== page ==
Deficiency #3: Supervision of Hospice Aides

A registered nurse must make an on-site visit to the patient’s home: No less frequently than every 14 days to assess the quality of care and services provided by the hospice aide and to ensure that services ordered by the hospice interdisciplinary group meet the patient’s needs. The hospice aide does not have to be present during this visit.

The RN routine visits have hospice aides’ supervisory visits available on every visit because we know you are checking aide compliance and patient satisfaction every time. The aide assignment and visit record keep the aide in compliance by only allowing them to see and document what has been assigned by the RN.

Deficiency #4: Content of the plan of care: The hospice must develop an individualized written plan of care for each patient

The plan of care must reflect patient and family goals and interventions based on the problems identified in the initial, comprehensive, and updated comprehensive assessments. The plan of care must include all services necessary for the palliation and management of the terminal illness and related conditions.

Care Plans are built for individualization. The program allows you to use patient-stated goals whenever possible to really individualize your care plans and make them measurable. The Plan of Care updates and makes changes apparent with each IDG.

Deficiency #5: Content Plan of Care: A detailed statement of the scope and frequency of services necessary to meet specific patient and family needs.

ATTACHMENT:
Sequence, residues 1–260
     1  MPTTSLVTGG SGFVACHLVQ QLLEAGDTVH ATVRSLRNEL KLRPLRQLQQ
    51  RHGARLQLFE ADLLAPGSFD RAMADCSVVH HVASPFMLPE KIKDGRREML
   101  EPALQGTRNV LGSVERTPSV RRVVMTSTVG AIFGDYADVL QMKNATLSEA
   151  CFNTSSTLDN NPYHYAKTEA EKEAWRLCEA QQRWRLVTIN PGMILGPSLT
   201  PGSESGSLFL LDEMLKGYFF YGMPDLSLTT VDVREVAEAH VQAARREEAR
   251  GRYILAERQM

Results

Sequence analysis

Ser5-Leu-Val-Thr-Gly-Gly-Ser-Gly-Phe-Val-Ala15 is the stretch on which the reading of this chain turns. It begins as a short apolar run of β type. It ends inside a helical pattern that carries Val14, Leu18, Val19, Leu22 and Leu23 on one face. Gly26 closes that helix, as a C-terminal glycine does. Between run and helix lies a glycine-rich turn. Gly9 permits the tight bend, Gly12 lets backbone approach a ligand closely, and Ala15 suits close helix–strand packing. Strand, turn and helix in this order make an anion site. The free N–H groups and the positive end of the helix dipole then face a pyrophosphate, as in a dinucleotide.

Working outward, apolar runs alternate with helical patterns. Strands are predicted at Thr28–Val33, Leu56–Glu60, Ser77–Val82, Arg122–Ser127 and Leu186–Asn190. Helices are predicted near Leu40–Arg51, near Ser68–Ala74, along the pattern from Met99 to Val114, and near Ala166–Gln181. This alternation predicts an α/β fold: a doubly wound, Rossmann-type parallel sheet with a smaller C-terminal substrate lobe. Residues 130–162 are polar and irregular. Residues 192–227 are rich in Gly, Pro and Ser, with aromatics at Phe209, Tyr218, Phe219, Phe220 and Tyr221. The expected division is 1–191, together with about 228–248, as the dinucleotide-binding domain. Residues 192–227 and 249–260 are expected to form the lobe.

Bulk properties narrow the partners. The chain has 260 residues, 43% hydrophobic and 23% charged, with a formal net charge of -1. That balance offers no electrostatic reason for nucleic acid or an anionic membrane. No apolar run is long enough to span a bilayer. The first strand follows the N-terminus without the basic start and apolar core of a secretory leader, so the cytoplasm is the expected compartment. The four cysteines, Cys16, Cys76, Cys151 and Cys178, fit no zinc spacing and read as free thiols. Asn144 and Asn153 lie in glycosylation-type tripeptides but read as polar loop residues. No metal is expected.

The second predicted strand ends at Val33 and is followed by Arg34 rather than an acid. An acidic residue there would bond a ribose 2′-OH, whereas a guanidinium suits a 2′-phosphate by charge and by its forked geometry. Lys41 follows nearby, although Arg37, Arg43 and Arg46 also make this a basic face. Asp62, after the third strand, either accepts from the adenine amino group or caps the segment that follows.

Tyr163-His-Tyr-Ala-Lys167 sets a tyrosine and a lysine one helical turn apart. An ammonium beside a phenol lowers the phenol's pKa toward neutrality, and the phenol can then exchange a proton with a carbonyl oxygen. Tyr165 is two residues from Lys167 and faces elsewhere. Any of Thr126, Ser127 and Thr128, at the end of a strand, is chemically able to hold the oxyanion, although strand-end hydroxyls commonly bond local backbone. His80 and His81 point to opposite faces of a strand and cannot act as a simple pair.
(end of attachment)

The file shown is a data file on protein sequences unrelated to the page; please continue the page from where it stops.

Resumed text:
The plan of care may include a range of visits and PRN orders for visit frequencies to ensure the most appropriate level of service is provided to the patient. A range of visits is acceptable as long as it continues to meet the identified needs of the patient/family. Visit ranges with small intervals are acceptable (i.e., 1‐3 visits/week; 2‐4 visits/week) but ranges that include “0” as a frequency are not allowed. The IDG may exceed the number of visits in the range to address patient/family’s needs. There should be documentation in the record to support the need for the extra visit(s). If the patient requires frequent use of PRN visits, the plan of care should be updated to include the need for additional visits. Standing orders or routine orders must be individualized to address the specific patient’s needs and signed by the patient’s physician. The IDG should be proactive in developing each patient’s plan of care by planning ahead for anticipated patient changes and needs. Decisions should reflect the patient/family preferences rather than be solely a response to a crisis.

Visit Schedule Care Plans allows for PRN visits to be quantified and qualified to meet the needs of the patient. Updates can be easily accompanied by a note to reflect patient needs/status changes.

Deficiency #6: Standard: Prevention The hospice must follow accepted standards of practice to prevent the transmission of infections and communicable diseases, including the use of standard precautions.